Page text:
This week I went back to Gaza. I sat watching a young American woman on a barely-lit stage exploding old memories with each name she uttered against a background of bullet-ridden concrete. My Name is Rachel Corrie, a play based on the writing of a young American observer killed by an IDF bulldozer in Gaza in 2003, is a hugely powerful piece of work, even more so for me because so much of it seemed so familiar.
In 1997, I ignored the advice of my tutors and arranged to study at Birzeit University in the West Bank for a semester. I went looking for a real understanding of what was going on in that fractured land and came away possibly more knowledgeable, but also more confused. The Palestinians are without doubt the most friendly, generous people I have ever met. Their kindness to me, even though I was an Englishman who had â€˜stolen their countryâ€™ was overwhelming. At the same time, I would visit the old Jewish market in Jerusalem after a suicide bombing and watch the blood drain from the soiled bandages as they burnt.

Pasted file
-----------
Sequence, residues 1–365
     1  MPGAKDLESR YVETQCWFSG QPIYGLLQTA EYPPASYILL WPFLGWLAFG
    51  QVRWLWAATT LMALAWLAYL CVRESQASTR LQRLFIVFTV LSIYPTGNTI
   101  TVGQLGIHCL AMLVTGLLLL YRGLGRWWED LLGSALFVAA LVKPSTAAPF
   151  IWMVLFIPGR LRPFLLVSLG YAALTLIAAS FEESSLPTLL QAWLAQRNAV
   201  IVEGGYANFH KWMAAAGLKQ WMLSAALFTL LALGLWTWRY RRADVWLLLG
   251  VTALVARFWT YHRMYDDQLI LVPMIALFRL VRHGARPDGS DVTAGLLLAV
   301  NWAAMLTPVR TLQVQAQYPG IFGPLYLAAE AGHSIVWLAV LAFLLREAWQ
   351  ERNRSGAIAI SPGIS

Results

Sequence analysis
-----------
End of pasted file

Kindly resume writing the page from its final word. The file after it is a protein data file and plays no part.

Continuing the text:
I met Palestinians who wanted to push the Israelis back to the sea and others who more than anything just wanted their children to see their 18th birthday. I met Israelis who thought that the only good Arab was a dead one and others who risked their safety and reputation to reach out to Palestinians in the name of reconciliation. I learned how to talk my way past military checkpoints, I learned what it is to live where politics is not just a matter of which collection of suits decides your tax level, but life itself. I fear I did not learn as much as Rachel Corrie, nor did I pay such a heavy price for my knowledge.
Corrie writes with coruscating force and it seems amazing that the only intended audience for her words were her parents and friends. Whether you agree with her politics or not, she is someone to be admired because she cared enough to stand up and do something about what she believed to be an injustice in this world and that is all too rare in our generation. See this play.